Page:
Brian Burton (aka Danger Mouse) and James Mercer, known together as Broken Bells, are certainly the odd-couple of pop. When they first met at Roskilde festival in 2004 Burton was still a relatively unknown producer - his only notable work being the Jay Z meets The Beatles mash-up The Grey Album - whilst Mercer had released two albums with The Shins. An instant rapport and fondness for one another's output set in motion a chain of events that would lead to the formation of Broken Bells and the subsequent release of the woozy spaced-out pop of their self titled debut.

Despite assurances that this was not just a one-off, the duo's other commitments - Burton has joked that Mercer's work with The Shins is like a marriage, whilst he's free to play the field - meant it would always be difficult getting them back in the studio together. Fortunately they kept their promise and have returned with After The Disco, an album which takes the template of their debut but explores a much more expansive direction, merging slick, rich production with a hook-driven pop ethos.

One of the first things you'll notice about After The Discois how textured it seems in comparison to their debut (which isn't to say it was flat, but just not as detailed). On lead single, 'Holding On For Life' there are glimpses of keyboard melodies in the verses that are so faint you could be forgiven for missing them completely. The theremin which appears during the song's introduction even makes a quiet cameo during the track's chorus which, coupled with James Mercer's falsetto, turns the track into a futuristic disco track - with more than a hint of The Bee-Gees about it.

'Leave It Alone' meanwhile, features one of the album's most beautiful introductions as an acoustic guitar melody combines with a multi-tracked Mercer humming the song's refrain over the top. It's hypnotic and draws you in as the band then introduce soft synthesiser and string swells. In the second verse a slightly off tempo beat kicks in, played live by Burton and then modified afterwards to get a more 'digital' sound. In an interview with NPR he admitted that After The Discofeatured far more live drumming than the debut record had, but he still wanted to capture that drum machine sound. The result of this process is that After the Discofeatures much more intricate and interesting percussion throughout, allowing the album to feel like the work of an ensemble as opposed to just two men in a studio.

Of course, Broken Bells is just Mercer and Burton, and whilst there are a few contributions from other artists - Daniel Luppi provided string arrangements and Nate Walcott of Bright Eyes played live horn on one song - the album is essentially all down to a fascinating collaboration and willingness to experiment. Opening track 'Perfect World' was built using an arpeggiated synthesiser as the foundation (which fades in right at the start of the song) with everything else then being recorded around it. With a keyboard riff that bounces between channels and a hook that seems ripped straight from an '80s pop classic there is something unashamedly over the top about the track.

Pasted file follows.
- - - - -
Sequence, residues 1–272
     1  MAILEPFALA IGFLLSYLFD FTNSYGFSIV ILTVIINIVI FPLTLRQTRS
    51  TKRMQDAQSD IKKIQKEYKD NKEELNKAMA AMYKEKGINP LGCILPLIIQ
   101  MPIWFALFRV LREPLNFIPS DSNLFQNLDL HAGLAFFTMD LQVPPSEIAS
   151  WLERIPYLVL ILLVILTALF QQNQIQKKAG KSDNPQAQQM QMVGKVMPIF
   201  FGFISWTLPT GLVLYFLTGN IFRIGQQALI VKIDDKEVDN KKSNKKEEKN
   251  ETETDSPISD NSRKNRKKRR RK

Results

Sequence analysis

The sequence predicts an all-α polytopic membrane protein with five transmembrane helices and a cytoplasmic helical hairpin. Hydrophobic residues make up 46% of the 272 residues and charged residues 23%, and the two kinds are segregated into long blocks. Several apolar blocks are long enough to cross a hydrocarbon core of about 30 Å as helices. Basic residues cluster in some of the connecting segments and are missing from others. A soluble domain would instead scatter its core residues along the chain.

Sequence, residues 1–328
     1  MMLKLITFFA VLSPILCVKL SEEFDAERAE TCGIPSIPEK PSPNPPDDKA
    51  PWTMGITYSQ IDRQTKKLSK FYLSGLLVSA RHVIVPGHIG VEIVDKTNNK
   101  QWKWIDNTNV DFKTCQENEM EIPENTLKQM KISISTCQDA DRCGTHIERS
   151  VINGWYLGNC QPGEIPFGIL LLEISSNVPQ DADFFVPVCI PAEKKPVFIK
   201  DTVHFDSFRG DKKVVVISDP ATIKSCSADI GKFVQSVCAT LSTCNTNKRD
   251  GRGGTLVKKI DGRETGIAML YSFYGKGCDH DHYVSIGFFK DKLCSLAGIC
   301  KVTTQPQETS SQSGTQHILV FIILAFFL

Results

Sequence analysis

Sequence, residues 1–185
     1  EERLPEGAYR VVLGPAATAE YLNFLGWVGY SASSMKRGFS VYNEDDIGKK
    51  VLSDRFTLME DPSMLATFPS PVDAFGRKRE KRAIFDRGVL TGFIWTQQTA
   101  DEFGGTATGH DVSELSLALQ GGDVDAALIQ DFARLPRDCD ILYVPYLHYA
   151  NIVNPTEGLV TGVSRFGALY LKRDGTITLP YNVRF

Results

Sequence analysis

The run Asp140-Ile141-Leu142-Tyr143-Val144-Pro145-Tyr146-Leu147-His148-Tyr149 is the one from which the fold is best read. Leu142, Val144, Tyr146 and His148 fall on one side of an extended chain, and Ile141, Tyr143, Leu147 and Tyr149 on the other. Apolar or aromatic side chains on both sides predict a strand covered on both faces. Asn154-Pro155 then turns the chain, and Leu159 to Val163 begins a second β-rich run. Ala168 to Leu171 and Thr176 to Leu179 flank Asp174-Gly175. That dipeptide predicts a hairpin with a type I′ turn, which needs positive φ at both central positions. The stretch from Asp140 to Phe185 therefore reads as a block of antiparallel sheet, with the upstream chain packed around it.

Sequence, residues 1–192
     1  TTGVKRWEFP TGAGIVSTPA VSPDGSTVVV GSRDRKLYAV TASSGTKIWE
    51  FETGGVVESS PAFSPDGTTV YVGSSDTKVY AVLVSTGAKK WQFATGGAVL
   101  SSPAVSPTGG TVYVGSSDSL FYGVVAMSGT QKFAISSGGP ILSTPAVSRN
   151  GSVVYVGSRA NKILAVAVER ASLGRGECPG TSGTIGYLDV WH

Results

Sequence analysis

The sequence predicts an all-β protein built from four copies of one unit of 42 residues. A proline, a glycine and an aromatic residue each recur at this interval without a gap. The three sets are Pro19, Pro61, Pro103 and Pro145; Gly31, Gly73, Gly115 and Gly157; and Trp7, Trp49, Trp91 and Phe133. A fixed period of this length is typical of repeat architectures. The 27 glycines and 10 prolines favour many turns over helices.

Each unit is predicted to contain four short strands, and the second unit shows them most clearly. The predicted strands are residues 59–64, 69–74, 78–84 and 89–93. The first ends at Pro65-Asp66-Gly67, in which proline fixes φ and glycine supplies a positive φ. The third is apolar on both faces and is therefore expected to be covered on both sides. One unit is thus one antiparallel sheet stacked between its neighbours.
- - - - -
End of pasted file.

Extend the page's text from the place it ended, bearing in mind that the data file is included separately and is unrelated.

'Perfect World' is also one of the first songs to really showcase some of the great changes that happen as Mercer and Burton combined multiple ideas. In the opening track the music gives way to a steady arpeggiated synthesiser that plays beneath Mercer, sounding almost defeated as he sings "We look for exit signs but we can't be changed into nothing overnight." When the song kicks back in it's in half-time and is now far more melancholic, like the cold realisation felt during a terrible hangover the morning after a party.

The title offers a clue that After The Discois not a party album, but instead the hazy comedown. There are elements of dance, pop and disco on the record, but Mercer's vocals always tend towards the melancholic or melodramatic. During 'Lazy Wonderland', one of many tracks that are far removed from anything Broken Bells have released before, Mercer sings, over dreamlike harmonies, the chorus refrain; "tonight we'll go / laughing all the way my love / tomorrow we'll go / back in time to live today." Like many of the songs on the record it emanates a psychedelic, almost hallucinatory quality, that is perfectly complimented by the music. In this case a combination of strange metronomic beats and hazy guitar chords. The frequent song changes as well help to emphasise this as they slip between time changes (on 'Perfect World') as well as genre. One of the strangest song progressions comes during 'Medicine', which despite opening with a funky guitar riff that flips between channels, ends as an almost Parisian style romp featuring acoustic guitar, accordion and xylophone.

For some this might be a bit too much, and it is easy to understand why. Some songs feel as though they are a mish-mash of ideas, and whilst Broken Bells are able, for the most part, to construct cohesive and catchy pop songs, there's a sense that sometimes they could have gotten more out of the song if they'd stuck to one idea instead of two or three. There are also a few awkward transitions between songs - the carnivalesque 'The Angel and The Fool' sits a little uncomfortably next to the space age balladry of closing track 'The Remains of Rock and Roll'.

Yet After the Discoremains an immensely enjoyable record that is also wildly imaginative. It's euphoric, it's psychedelic, it's atmospheric and it's melancholic. At no point does it feel like Broken Bells are resting on their laurels - the attention to detail and wealth of ideas committed to record show how much work has gone in to the album. After The Disco is an unashamedly brilliant pop album that might just be the right kind of stuff to get you through the remains of winter.